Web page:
Whither (UK) Regional Peering – Pt 2

It’s been a long while since I’ve blogged about this topic

Probably too long, as IXLeeds, something which inspired me to write Pt 1, is now a fully-fledged IX, not just a couple of networks plugged into a switch in a co-lo (all IXPs have to start somewhere!), but has formed a company, with directors, with about 12 active participants connected to its switch. Hurrah!

So, trying to pick up where I left off; in this post, I’m going to talk about shared fate, with respect to Internet Exchanges.

What do I mean by shared fate? Continue reading “Whither (UK) Regional Peering – Pt 2”

Telecity Dominance in Manchester continues?

It’s been a busy week for Manchester-based data centre UK Grid. Firstly, they announce a tie up with AMS-IX and IX Reach to provide a virtual blob of Dutch peering goodness in Manchester’s Science Park, then today, it’s announced that Telecity Group have acquired the UK Grid business, adding three further datacentres to their Manchester operations.

This certainly stays true to Telecity’s current form, which is to buy up competing data centre operators, having acquired Manchester’s IFL and Dublin’s DEG in fairly short order over the last 18 months, significantly increasing Telecity Group’s share, making them something of a dominant player in those markets.

Local (and privately-held) competitor M247 put their own slant on Telecity’s latest move in Manchester by announcing an acquisition of their own: a new building to enable further expansion.

Flash the Cache

Some trends in content distribution have made me think back to my early days on the Internet, both at University, and during my time at a dialup ISP, back in the 1990s.

Bandwidth was a precious commodity, and webcaching, by deploying initially Harvest (remember Harvest?) and latterly it’s offspring Squid, became quite popular, to reduce load on external links. There was also the ability to exchange cache content with other topologically close caches – clustering your cache with those on your neighbour networks.

(I remember that at least one of the UK academic institutions – Imperial College, I think, or maybe it was Janet – had a very popular cache that it openly peered with other caches in the UK, was available via peering across LINX, and as a result was popular and well populated.)

There were attendant problems – staleness of cached content could blight some more active websites, and unless you tried enforced redirection of web traffic (unpopular in some quarters, even today, where transparent cacheing is commonplace), the ISP often had to convince your users to opt-in to using the cache through changing browser settings.

It was no surprise that once bandwidth prices fell, caches started to fall out of favour.

However, that trend has been reversing in recent times… the cache is making a comeback, but in a slightly different guise: Rather than general purpose caches that take a copy of anything passing by, these are very specific caches, targeted and optimised for the content, part of the worldwide growth of the distributed CDN.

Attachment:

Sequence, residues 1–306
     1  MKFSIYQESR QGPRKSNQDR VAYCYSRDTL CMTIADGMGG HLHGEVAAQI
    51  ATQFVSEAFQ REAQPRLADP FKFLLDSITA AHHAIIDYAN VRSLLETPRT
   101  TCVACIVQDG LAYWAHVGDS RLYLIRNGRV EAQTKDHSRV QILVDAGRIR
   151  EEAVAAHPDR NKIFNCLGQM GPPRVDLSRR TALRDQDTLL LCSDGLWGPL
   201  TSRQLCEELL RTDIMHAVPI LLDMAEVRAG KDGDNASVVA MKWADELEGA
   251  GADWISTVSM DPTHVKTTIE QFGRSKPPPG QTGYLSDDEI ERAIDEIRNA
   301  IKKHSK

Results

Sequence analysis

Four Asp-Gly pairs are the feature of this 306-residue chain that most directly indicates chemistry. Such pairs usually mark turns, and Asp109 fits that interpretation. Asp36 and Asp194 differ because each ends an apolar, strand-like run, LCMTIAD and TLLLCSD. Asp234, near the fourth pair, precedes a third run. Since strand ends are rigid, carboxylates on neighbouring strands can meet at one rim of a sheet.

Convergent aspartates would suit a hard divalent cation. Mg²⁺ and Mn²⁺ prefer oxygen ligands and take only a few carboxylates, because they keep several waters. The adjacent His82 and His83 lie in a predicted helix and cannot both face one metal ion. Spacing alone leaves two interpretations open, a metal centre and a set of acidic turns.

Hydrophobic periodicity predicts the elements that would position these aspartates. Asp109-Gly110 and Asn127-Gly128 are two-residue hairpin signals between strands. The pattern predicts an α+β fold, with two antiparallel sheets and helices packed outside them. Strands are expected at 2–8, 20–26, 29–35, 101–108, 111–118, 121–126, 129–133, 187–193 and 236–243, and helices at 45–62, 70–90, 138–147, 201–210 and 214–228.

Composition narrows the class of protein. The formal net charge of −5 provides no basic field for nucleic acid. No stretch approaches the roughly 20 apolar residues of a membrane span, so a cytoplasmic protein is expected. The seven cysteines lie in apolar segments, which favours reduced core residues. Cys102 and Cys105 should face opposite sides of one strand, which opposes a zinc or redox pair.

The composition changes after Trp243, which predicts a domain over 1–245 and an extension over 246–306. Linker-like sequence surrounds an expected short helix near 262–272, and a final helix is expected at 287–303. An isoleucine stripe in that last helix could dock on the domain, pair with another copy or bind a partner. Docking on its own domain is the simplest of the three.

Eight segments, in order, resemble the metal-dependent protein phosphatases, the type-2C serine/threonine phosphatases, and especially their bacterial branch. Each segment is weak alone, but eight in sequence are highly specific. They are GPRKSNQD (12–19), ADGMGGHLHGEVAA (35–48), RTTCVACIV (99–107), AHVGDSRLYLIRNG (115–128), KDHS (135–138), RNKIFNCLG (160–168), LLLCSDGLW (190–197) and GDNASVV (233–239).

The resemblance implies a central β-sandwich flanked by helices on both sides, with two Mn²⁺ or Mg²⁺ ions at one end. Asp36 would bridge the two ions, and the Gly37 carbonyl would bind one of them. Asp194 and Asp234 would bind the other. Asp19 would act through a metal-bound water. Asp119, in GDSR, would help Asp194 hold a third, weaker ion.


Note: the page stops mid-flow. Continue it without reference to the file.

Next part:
Akamai have long been putting their servers out into ISP networks, and into major Internet Exchanges, delivering content locally to ISP subscribers. They famously say they “don’t have a backbone” – they just distribute their content through these local clusters. Akamai are delivering a local copy of “Akamaized” web content to local eyes, and continuing to experience significant growth.

Google is also in the caching game, with the “Google Content Cache” (GCC).

I heard a Google speaker at a recent conference explain how a GCC cluster installation at a broadband ISP provided an 85-90% saving in external bandwith to Google hosted content. To some extent this is clearly driven by YouTube content, but it has other smarts too.

So, what’s helped make caching popular again?

Herd Mentality – Social Networking is King. A link is posted and within minutes, it can have significant numbers of page impressions. For a network with a cache, that content only needs to be fetched once.

Bandwidth Demand – It’s not unheard of for large broadband networks to have huge (nx10G) private peerings with organisations such as Google. At some point, this is going to run into scaling difficulties, and it makes sense to distribute the content closer to the sink.

Fault Tolerance – User expectation is “it should just work”, distributed caches can help prevent localised failures from having widescale effect. (Would it have helped BBC this week?)

Response Speed – Placing the content closer to the user minimises latency, improves the user experience. For instance, GCC apparently takes this one step further, acting as a TCP proxy for more interactive Google services such as Gmail – this helps remove “spongyness” of interactive sessions for those in countries with limited or high-latency external connectivity (some African countries, for instance).